Founded in 1533 on an original indigenous Caribe settlement, the Spanish conquistador Don Pedro de Heredia founded the city of “Cartagena de Poniente” to distinguish it from “Cartagena de Levante” in Spain. Later the city became known as “Cartagena de Indias”, a name which remained until the end of the colonial era and the beginning of the Republic. This colonial city rapidly became the gem in the Spanish Crown’s territories. It was fortified between the XIV and XIX centuries and in order to protect it from the continual attacks by foreign buccaneers and pirates and when these fortifications were completed, it was the most impenetrable and largest in the Americas.

Cartagena was the first province of the Nuevo Reino de Granada which gained its independence from Spain on the 11th of November 1811 and the city still boasts architectural treasures in its civil, domestic, religious, military and governmental constructions.

Just walking through its narrow yet remarkable streets there is enough to understand why Cartagena is in the list of UNESCO World Heritage Sites. This colonial area is split into three zones, the Centro, San Diego (both inside the wall city) and Getsemaní. This whole city harks back to a time when pirates routinely attacked the bay and when the Spanish Inquisition executed a great number of slaves accused of witchcraft; furthermore, strict rules were installed by the Dominicans who had the right to cast judgment over whomever they wished. Perhaps the real joy of Cartagena is exploring its streets on foot, an experience that awakens all five senses with the rhythms of cumbia and mapalé, with the flavours of the Caribbean, the blend of the natural world against the variations in architecture all the while buffeted by a Caribbean breeze making the city an incredibly romantic destination.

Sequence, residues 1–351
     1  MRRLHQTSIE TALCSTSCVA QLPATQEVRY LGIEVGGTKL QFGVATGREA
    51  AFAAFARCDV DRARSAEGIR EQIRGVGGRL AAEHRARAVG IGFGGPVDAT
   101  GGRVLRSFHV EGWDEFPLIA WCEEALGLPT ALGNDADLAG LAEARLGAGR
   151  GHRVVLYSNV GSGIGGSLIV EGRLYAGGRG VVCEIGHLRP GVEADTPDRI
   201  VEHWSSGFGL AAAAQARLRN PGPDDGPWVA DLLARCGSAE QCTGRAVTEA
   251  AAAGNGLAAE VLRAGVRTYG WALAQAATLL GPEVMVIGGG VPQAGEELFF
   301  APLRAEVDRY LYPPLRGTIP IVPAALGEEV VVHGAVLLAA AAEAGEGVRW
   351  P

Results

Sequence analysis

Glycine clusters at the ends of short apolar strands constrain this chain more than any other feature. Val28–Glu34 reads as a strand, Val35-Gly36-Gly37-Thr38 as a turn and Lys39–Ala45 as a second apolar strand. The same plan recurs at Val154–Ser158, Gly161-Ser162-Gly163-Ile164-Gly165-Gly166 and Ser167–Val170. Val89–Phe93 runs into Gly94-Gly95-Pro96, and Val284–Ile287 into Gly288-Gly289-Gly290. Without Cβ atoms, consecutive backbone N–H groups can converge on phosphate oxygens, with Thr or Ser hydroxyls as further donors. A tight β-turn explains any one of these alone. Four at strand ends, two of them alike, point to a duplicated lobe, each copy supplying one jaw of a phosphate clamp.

To one side of the centre of the city is Bocagrande, a long spit of land that is home to the majority of modern buildings and hotels, connected to the barrios of El Laguito and Castillo Grande which make up part of today’s modern city. The outstanding beaches of the Islas del Rosario, Barú and Playa Blanca are located at approximately 45 minutes by boat from Cartagena. 

Culturally, Cartagena is renowned for its International Cinema Festival (FICC); it is the host city of the Hay Festival in January and is the seat of the National Beauty Pageant each November, the same month as the city’s independence celebrations. 

The cultural wealth that Cartagena enjoys is a result of the mix in backgrounds of the city’s inhabitants and its architectural beauty. The sea and the warm afternoon winds make Cartagena one of the Caribbean’s most fascinating cities.